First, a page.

History and Use Of: The Agrimony Plant

AgrimoniaEupatoriaThe Argimony Eupatoria is also known by other various names such as…

  • Church Steeples
  • Cocklebur
  • Philanthropos
  • and Stickwort

All of which belong to the Rose – Rosaceae plant family.

Agrimony is a pretty plant, bearing spikes of tiny yellow flowers that are reminiscent of church steeples and fruit with hooked bristles at the top (cockleburs).



What You Need To Know About Agrimony

  • Habitat – grows wild alongside roadways, in fields and the woods. Agrimony is available in dried form (both cut and powdered), liquid extract, and essential oil. It may be planted in home gardens in temperate climates Zones 6-9.
  • Range – native to Europe, and cultivated in much of the United States and Southern Canada
  • Identification of Plant – Argimony is a perennial plant.  It grows 2-3 feet tall, with upright mature brown stem covered in soft silky fibers (hairs), the leaves are also covered in the same silky hairs.  If you look at the plant above you will see the leaves are alternate having leaflets arranged on each side of the primary leaf.  Notice the leaves are coarsely toothed and jagged.  At the very top of the stem is where you will see numerous clusters of small yellow flowers blooming between the months of July and August.
  • Scent Profile: Aromatic, Pungent, Lemony, Apricot (flowers)
  • Medicinal Properties – used as an anti-inflammatory, antibiotic, and astringent are all due to the presence of large quantities of tannin in the plant.  Herbalists today use the flowering stem tips and dried leaves as a tonic and diuretic, and for digestive disorders, including diarrhea.  The plant is also applied to slow-healing wounds.  Agrimony is an ingredient of herbal and tisane teas.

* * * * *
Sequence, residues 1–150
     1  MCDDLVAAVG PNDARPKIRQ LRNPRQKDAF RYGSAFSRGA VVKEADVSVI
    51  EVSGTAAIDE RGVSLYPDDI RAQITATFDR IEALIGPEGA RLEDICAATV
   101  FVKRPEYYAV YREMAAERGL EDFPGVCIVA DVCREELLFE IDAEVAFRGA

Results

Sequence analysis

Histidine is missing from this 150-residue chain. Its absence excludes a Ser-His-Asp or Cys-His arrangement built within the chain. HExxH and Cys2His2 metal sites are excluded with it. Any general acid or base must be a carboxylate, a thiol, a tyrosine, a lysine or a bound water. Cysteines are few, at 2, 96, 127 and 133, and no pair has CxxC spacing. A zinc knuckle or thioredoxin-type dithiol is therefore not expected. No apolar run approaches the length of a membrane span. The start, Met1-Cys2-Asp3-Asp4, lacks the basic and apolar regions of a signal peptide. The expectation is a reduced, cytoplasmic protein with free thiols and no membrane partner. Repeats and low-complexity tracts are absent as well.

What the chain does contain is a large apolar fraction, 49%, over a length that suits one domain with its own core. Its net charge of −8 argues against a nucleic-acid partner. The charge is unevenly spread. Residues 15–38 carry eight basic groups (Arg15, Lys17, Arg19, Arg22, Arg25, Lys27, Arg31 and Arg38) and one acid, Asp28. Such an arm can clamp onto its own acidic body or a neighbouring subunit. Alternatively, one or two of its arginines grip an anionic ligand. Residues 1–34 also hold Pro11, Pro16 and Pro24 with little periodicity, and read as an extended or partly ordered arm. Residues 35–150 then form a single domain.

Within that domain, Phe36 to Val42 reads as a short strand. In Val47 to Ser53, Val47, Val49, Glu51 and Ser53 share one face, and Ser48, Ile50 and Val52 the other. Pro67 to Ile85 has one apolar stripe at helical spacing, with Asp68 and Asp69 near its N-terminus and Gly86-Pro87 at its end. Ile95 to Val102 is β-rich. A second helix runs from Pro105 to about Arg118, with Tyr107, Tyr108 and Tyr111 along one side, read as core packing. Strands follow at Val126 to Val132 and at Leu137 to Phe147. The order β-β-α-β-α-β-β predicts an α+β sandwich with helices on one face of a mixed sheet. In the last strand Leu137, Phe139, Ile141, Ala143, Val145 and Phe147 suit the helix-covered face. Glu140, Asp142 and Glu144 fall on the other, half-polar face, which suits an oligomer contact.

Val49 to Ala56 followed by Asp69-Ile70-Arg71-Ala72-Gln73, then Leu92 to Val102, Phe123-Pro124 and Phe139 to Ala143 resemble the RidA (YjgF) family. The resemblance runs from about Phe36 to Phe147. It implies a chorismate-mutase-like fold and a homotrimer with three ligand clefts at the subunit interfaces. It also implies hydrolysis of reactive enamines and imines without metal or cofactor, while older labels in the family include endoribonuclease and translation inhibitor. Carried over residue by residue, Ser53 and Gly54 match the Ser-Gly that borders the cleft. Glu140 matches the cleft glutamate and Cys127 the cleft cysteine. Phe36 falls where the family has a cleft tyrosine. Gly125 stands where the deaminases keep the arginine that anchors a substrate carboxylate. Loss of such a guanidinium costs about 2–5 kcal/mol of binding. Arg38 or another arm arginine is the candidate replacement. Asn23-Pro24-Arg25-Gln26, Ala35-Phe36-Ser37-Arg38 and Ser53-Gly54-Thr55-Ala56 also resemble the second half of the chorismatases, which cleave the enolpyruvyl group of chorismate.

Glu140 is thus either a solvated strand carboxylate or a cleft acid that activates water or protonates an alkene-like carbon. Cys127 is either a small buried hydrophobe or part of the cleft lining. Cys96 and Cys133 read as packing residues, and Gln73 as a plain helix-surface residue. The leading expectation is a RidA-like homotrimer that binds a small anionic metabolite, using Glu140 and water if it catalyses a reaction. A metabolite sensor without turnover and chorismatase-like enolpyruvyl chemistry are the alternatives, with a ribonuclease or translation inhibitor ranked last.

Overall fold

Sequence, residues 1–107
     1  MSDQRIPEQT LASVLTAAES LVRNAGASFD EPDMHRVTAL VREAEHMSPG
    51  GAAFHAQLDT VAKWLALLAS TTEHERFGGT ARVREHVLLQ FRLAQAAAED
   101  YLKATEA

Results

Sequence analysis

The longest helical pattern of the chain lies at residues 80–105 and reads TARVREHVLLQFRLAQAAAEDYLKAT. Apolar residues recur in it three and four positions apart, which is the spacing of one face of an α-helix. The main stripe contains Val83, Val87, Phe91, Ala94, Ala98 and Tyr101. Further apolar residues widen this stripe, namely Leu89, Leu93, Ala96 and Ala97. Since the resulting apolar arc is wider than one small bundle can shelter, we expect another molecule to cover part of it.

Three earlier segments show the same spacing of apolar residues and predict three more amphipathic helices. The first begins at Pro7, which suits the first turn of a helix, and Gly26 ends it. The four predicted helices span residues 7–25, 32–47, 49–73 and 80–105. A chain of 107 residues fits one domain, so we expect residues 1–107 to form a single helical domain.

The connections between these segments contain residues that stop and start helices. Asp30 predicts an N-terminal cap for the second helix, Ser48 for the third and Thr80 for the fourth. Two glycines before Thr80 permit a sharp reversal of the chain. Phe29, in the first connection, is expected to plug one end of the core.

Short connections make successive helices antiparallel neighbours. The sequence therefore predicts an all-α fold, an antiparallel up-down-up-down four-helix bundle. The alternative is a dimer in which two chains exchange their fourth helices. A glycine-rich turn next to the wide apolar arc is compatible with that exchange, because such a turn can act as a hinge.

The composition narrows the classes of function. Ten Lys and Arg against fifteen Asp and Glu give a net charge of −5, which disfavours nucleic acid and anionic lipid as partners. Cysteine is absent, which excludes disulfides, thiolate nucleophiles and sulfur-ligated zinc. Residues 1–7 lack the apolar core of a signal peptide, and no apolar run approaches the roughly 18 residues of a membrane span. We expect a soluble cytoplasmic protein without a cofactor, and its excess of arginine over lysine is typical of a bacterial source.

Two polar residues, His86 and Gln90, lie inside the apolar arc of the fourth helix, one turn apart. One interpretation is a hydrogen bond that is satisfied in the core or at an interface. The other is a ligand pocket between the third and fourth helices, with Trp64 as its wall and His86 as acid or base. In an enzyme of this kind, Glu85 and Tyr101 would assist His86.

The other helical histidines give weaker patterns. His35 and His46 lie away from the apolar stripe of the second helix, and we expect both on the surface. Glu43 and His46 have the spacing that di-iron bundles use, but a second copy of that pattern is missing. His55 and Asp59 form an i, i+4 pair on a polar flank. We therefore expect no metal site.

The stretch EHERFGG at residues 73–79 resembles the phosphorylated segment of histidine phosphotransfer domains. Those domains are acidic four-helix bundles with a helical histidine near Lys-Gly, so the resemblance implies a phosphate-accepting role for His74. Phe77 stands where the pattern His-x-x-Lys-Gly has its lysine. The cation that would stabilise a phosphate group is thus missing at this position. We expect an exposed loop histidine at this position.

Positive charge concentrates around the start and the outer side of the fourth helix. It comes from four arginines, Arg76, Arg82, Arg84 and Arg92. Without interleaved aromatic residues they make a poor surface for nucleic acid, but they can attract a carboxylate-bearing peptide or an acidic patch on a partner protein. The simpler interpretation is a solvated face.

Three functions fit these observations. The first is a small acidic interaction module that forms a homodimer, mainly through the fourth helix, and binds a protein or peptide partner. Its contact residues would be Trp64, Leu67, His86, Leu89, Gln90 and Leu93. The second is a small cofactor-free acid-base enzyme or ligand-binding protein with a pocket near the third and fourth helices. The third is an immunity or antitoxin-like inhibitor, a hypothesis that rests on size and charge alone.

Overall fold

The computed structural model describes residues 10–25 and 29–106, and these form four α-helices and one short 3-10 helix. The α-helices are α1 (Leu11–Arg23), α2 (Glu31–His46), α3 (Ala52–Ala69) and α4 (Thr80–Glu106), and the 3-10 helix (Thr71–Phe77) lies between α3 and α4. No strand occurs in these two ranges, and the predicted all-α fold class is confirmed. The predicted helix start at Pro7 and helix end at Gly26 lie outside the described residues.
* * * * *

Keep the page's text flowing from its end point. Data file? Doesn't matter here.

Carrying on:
• Be Aware – Hooked bristles at the upper end of the bur-like fruit will stick to clothing and animal fur.
  • Precautions – Agrimony is said to be one of the safest herbs and has been used as a food/home remedy for thousands of years.  As long as you are not allergic to the plant, it is hard to imagine any harm coming from its moderate use.

Folklore & Magical Properties

  • Although Argimony has no narcotic properties, tradition holds that when placed under a person’s head, it will induce a deep sleep that will last until it is removed.  It is said dried Agrimony used in dream pillows aids in a good night’s sleep.
  • Agrimony brings good luck, and bright, warm energy to magickal workings.
  • Wear or carry Agrimony to help build up psychic shields.
  • Use in purifying incenses and sachets, especially to repel the ill-wishes of others.
  • Correspondences: Jupiter, Air

Disclaimer: Always, use common sense when consuming any herb. Only use herbs from trusted, pesticide-free sources. Discard infusions within a day or two, and never take essential oils internally.

Occult properties of herbs are provided for historical interest only, and no outcome is guaranteed. Nothing on this website should be taken as medical or legal advice. Please use herbs responsibly.

Jamie | Doing It Jamie Style Blog | Facebook | Instagram






Coffee and Roses: The Garden Experiement

If you love to grow roses and are a coffee drinker this gardening experiment I did will be right up your alley!  Coffee and roses, what’s not to love right?  Makes me kinda giddy all over thinking about them as a couple.  Hey, they say, opposites attract.

Three years ago I came across an article about using spent coffee grounds as a natural fertilizer for roses because coffee is high in nitrogen, plus to perform their best roses need neutrality to acidic soil.  This means by adding the grounds it will aid in the pH balance from neutral to acidic which roses thrive on and I’ve experienced it first hand.  It also helps loosen the soil, which gives the roots more space to grow and helps to deliver the nutrients they need to survive.